I recently published a paper, along with my colleagues Paul Gilding and Jimena Alvarez. For 20 leading fossil fuel producing firms, we measured the economic cost to society of the climate change impacts caused by the use of their products, and compared this with their profits in each year from 2008 to 2012. read more
Originally published on Gas2. Ah, society — takes us decades to turn a simple, life-saving corner. Subsidizing fossil fuels in the 21st century has got to be one of the dumbest things society has ever done… (and we’ve done a lot of dumb things). Show More Summary
A new survey from the International Monetary Fund shows that the UK government is still providing billions of pounds in subsidies to fossil fuels, while on the other hand cutting support for renewables. Analysis of the report done by...Show More Summary
Guardian: "“In particular, these figures reveal that the G20 countries are wasting trillions of dollars each year on subsidies for fossil fuel pollution,” Stern said. “It is time for the G20 to recognise that the extent of subsidies is far greater than has been previously understood, and to honour their commitment.”"
Republican presidential candidate Jeb Bush said Wednesday that if elected in 2016, he would cut subsidies for both fossil fuels and renewable energy. In a video sent to The Huffington Post, an environmental activist with the group 350...Show More Summary
While U.S. taxpayers continue to subsidize the world’s biggest fossil fuel companies, the African desert kingdom of Morocco just announced it plans to phase out payouts to companies pumping fossil fuels. According to Responding to Climate Change made
A level playing field for renewables is about to get a step closer, at least in Morocco.
Fossil fuel supporters have insisted that wind and solar are far “too expensive” to replace fossil fuels. A recent report published by the IMF has put a price on the direct and indirect subsidies that support fossil fuels as a counter argument to the renewables are “too expensive” message. The numbers are staggering. read more
By Alex Kirby, Climate News Network With more than 600 million people in sub-Saharan Africa still lacking access to electricity, the continent is being urged to take a leading role in crucial climate negotiations.
Countries -- particularly the G20 and G7 groups of countries -- have made repeated commitments to both fight climate change and end fossil fuel subsidies, yet billions of dollars' worth of government support continues to flow towards fossil fuels and, incredibly, towards overseas coal projects. Show More Summary
Count ries have made repeated commitments to both fight climate change and end fossil fuel subsidies - particularly the G20 and G7 group of countries. And yet, billions of dollars' worth of government support continues to flow towards fossil fuels and, incredibly, towards overseas coal projects. Show More Summary
As close observers have long suspected, governments historically underestimate the cost subsidies for fossil fuel exploration, development, and production. By far. The International Monetary Fund has just calculated far in a study distributed by its Fiscal Affairs department: How Large Are Global Energy Subsidies? (IMF working paper 15/105). Show More Summary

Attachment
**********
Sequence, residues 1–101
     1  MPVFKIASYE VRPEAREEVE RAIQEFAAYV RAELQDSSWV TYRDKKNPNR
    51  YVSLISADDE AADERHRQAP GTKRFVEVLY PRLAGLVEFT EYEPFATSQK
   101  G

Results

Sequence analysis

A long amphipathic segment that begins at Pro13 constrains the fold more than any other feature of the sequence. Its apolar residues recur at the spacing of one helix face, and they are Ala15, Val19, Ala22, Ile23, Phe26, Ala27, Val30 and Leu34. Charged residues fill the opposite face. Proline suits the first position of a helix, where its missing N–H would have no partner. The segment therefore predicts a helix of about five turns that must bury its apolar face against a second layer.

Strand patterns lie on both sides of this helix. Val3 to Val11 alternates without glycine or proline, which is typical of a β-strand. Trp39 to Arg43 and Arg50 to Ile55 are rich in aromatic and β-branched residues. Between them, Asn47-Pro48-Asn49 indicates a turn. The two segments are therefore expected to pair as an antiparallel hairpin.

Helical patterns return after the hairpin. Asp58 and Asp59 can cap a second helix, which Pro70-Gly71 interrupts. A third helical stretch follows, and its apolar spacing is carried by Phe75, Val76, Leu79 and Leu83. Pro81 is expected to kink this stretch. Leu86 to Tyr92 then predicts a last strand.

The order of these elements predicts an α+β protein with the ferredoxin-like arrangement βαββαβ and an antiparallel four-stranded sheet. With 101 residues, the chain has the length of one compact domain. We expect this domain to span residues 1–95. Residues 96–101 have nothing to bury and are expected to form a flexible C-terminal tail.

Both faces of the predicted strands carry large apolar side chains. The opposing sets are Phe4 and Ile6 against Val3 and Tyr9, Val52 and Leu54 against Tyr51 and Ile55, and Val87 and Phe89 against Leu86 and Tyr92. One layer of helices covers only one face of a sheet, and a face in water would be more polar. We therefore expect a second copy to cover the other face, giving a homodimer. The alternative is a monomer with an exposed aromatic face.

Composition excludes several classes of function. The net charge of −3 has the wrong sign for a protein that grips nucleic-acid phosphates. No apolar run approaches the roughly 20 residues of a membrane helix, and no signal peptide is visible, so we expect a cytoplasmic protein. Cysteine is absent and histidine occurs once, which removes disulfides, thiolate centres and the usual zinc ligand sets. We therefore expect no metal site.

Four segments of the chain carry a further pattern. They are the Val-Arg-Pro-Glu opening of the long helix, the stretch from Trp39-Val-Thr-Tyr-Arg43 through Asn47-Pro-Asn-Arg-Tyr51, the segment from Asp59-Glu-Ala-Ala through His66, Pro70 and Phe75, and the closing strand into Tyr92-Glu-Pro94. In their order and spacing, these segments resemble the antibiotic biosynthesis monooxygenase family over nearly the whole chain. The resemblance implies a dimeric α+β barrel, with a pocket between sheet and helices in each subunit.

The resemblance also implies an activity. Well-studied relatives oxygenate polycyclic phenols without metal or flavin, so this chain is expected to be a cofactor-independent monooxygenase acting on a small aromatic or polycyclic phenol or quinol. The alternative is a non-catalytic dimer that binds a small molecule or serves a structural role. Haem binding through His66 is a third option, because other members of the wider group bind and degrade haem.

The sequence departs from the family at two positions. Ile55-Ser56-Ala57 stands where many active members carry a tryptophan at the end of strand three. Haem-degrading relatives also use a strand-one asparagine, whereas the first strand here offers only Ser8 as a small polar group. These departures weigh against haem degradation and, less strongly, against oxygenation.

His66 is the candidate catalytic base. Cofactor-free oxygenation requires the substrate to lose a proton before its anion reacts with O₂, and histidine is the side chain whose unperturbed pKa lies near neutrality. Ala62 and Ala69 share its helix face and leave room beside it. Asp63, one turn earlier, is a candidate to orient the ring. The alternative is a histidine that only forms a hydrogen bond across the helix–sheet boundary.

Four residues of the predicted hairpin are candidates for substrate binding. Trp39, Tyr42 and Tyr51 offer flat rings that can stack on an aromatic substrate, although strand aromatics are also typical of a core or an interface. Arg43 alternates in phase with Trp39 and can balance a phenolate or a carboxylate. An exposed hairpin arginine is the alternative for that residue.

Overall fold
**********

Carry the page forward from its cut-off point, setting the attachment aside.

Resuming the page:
You may have seen an IMF report in the news last week claiming that fossil fuels are subsidised to the tune of over five trillion dollars every year. This made good headlines, but only because the IMF chose to describe untaxed externalities as ‘post-tax subsidies’. This is unusual and misleading. I wrote about why in […]
Originally published on Energy Post by Karel Beckman A new report by the International Monetary Fund (IMF) finds that energy (fossil fuel) subsidies are “big and rising”. At the presentation of the report, Vitor Gaspar, Director Fiscal...Show More Summary
Governments spend $492 billion a year propping up fossil fuel companies -- it costs us 11 times that much to address the damage they cause. The post Report: Fossil Fuels Receive $5.3 Trillion A Year In Subsidies Worldwide appeared first on ThinkProgress.
Originally published on RenewEconomy by Sophie Vorrath How large are global energy subsidies? The answer: quite a lot larger than we thought, according to new estimates from the International Monetary Fund, which puts the cost of subsidising fossil fuels at an enormous $5.3 trillion a year, or around $10 million a minute every day. Show More Summary
Eli Hinckley covers a a recent report published by the International Monetary Fund that has put a price on the direct and indirect subsidies that support fossil fuels as a counter argument to the renewables are “too expensive” messa...
Dramatically higher than previously estimated, fossil fuel subsidies exceed what the world's governments spend on health care, according to the International Monetary Fund. What's more, they're likely to remain this high -- despite fossil fuels being the largest source of greenhouse gas emissions, the main culprit driving climate change.
The International Monetary Fund says the $5.3 trillion in subsidies going to the fossil fuel industry this year is more than that spent globally on health care.